Australian Industry Code of Practice and Accreditation Scheme for uPVC window profiles launched

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An Australian Industry Code of Practice (ICP) and accreditation scheme for uPVC (vinyl) profiles to be used in windows and doors has been released.

uPVC (unplasticised PVC) windows are known around the world for being durable, low maintenance, thermally efficient products. However, one of the most common queries from specifiers, builders and consumers about uPVC windows in Australia is whether the profiles will discolour because of high UV conditions here in Australia.

Launched by the uPVC Window Alliance Industry Code of Practice – an initiative of the Vinyl Council of Australia – the purpose of the ICP is to provide greater confidence in the durability of uPVC profiles under Australian climatic conditions and to reduce the concern that uPVC profiles will discolour.

The ICP sets specific composition, weathering resistance, colour and strength requirements for extruded uPVC profiles for use in windows and doors in Australian buildings.

Australia has the highest solar radiation per square metre of land of any continent. It is therefore important that products used in Australian buildings are formulated and designed for this country’s climate.

Accreditation under the new ICP indicates that profiles have been independently tested to withstand Australia’s higher UV conditions. The new Australian ICP requires testing to a minimum radiation exposure of 15,000 MJ/m2. It goes beyond the weathering standards typically applied to profiles for other regions such as northern or southern Europe, the US or China.

To achieve accreditation under the ICP, suppliers must have their profiles independently tested at Australia’s only natural outdoor weather resistance testing laboratory at a high irradiation site near Townsville, Queensland. Stringent maximum colour change parameters must be met by exposed profiles as well as impact strength tests.

The ICP also includes provisions related to the polymer quality and restrictions on the use of legacy additive compounds containing lead or cadmium. The use of recycled PVC in profiles is permitted providing the ICP requirements are still met.

Manufacturers of profiles that have been independently verified as meeting the ICP performance requirements may apply for licensed use of the ICP accreditation mark in relation to the compliant profiles. This mark provides a simple way for specifiers, builders and customers to identify accredited uPVC profiles, tested for Australia’s extreme climate.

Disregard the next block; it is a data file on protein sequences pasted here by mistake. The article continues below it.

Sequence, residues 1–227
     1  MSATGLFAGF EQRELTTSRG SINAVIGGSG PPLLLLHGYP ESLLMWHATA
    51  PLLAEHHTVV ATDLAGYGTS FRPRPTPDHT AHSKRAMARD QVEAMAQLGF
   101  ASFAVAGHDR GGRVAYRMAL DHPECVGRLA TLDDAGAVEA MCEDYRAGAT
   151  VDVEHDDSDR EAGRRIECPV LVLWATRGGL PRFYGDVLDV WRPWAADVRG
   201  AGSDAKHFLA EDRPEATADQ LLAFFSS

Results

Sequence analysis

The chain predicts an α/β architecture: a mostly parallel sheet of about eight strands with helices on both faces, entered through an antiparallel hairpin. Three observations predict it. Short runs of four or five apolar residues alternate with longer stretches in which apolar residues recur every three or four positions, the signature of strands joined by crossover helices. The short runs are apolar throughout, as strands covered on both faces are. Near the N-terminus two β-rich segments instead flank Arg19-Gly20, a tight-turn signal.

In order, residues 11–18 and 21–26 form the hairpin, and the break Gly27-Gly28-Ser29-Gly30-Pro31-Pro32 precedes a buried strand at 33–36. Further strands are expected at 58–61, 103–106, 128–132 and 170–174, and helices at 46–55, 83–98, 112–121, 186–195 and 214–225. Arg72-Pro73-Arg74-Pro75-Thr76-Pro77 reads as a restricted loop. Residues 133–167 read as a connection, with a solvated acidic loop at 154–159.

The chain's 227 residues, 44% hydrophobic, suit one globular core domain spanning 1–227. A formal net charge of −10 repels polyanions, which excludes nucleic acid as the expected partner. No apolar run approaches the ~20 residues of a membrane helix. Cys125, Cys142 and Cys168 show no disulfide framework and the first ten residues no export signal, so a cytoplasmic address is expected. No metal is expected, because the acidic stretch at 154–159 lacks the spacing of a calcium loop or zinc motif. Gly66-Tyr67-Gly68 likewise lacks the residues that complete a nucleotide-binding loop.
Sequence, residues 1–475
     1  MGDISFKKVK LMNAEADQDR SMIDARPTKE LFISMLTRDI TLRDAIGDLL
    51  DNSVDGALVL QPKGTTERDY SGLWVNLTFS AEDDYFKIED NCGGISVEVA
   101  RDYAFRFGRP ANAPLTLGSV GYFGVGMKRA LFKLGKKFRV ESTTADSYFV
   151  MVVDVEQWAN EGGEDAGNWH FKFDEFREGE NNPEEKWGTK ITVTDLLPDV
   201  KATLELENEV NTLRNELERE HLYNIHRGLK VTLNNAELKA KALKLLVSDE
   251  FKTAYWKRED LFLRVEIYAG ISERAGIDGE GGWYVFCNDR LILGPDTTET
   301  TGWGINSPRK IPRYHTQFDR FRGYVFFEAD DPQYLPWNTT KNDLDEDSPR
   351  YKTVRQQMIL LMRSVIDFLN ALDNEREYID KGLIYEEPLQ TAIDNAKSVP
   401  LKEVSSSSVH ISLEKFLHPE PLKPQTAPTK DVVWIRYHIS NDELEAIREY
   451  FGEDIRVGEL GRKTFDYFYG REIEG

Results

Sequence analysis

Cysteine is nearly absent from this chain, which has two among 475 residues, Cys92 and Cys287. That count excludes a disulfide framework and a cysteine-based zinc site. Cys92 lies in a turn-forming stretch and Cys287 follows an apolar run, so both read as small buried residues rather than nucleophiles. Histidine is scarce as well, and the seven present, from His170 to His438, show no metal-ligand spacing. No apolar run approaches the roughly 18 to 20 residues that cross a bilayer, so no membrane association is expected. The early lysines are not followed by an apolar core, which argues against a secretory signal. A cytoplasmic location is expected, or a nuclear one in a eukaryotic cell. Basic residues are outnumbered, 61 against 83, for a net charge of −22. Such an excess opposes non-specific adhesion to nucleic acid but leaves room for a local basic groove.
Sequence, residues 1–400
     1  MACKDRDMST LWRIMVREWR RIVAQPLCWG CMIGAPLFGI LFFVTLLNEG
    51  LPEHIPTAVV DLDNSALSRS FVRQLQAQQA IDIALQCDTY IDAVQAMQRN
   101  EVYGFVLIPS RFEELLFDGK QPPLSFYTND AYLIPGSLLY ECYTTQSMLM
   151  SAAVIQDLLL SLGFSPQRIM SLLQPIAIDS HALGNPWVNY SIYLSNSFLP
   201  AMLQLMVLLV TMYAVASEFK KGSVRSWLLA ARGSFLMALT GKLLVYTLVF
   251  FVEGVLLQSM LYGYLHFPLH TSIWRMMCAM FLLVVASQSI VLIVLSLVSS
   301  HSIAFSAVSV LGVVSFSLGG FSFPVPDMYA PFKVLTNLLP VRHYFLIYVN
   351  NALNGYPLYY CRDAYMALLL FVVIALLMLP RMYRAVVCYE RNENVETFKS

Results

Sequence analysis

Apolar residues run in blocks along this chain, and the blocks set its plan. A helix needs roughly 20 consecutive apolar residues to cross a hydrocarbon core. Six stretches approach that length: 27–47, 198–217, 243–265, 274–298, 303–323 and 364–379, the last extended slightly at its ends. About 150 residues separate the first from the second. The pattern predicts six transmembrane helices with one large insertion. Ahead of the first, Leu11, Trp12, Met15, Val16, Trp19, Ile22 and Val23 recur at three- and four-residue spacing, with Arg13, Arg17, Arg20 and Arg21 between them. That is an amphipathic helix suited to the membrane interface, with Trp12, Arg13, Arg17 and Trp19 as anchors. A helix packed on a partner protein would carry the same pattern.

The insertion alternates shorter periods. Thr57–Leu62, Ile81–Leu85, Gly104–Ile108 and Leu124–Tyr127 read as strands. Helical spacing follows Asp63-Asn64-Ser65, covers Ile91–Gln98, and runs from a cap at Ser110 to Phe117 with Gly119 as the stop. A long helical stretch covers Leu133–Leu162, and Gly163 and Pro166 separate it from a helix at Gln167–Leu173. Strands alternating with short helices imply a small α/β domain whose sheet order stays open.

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The release of this ICP follows over two years of consultation and development with stakeholders in the sector in Australia and overseas, overseen by the ICP Working Group comprising representatives of suppliers of uPVC profile extrusions used for windows and doors in Australian buildings, window fabricators as well as representatives of the Australian Windows Association and the Vinyl Council of Australia.

The intention is for the ICP to be implemented in addition to window manufacturers meeting the requirements of theAustralian Window Standard AS2047 for the whole window unit.

More information is available here. You can read the Code, in full, here.

This article, by Sophi Macmillan, was first published in Global News of the Vinyl Council, and is reproduced with thanks.

Will my new uPVC Windows fade & discolour in the sun?

It’s a question we get asked occasionally, and one we suspect is in the back of the mind of even more people. After all, we’ve all had one (or many) products that didn’t stand up to the harsh Australian sun, so it’s a very fair question.

It’s especially important, as the minimal maintenance needs of UPVC windows are high among the reasons more and more people are choosing them

Now, we have to admit that some poorer-quality products, and those that are not up to Standards, CAN fade and discolour over time. But that’s not the quality of the product we supply.

Happily, we can answer, “No, our uPVC windows and doors DON’T fade or discolour.”

We’re proud that all our window and door profiles meet the stringent Australian Standard for Windows- AS2047 . This Standard requires all complying windows to be able to handle the harsh Australian climatic conditions, which can include very high temperatures, freezing conditions, high winds and driving rains. All our windows and doors are also Certified under the Australian Window Energy Rating System (WERS).

Now, the uPVC industry has acted to set the bar even higher for quality. The uPVC Window Alliance (a program of the Australian Vinyl Council) has released an Australian Industry Code of Practice and Accreditation Scheme for uPVC windows and doors, aimed squarely at ensuring that uPVC windows and doors don’t fade or discolour. Read a full article here…

Thermotek Windows warmly welcomes the introduction of the Code, and the Scheme, and will ensure that we incorporate complying uPVC profile in all our windows and doors.

As our Director, Manny Temelso says “The satisfaction and goodwill of our customers is paramount, so our aim is to meet or exceed all the Codes, Schemes, Standards and Best Practices that apply to our products.”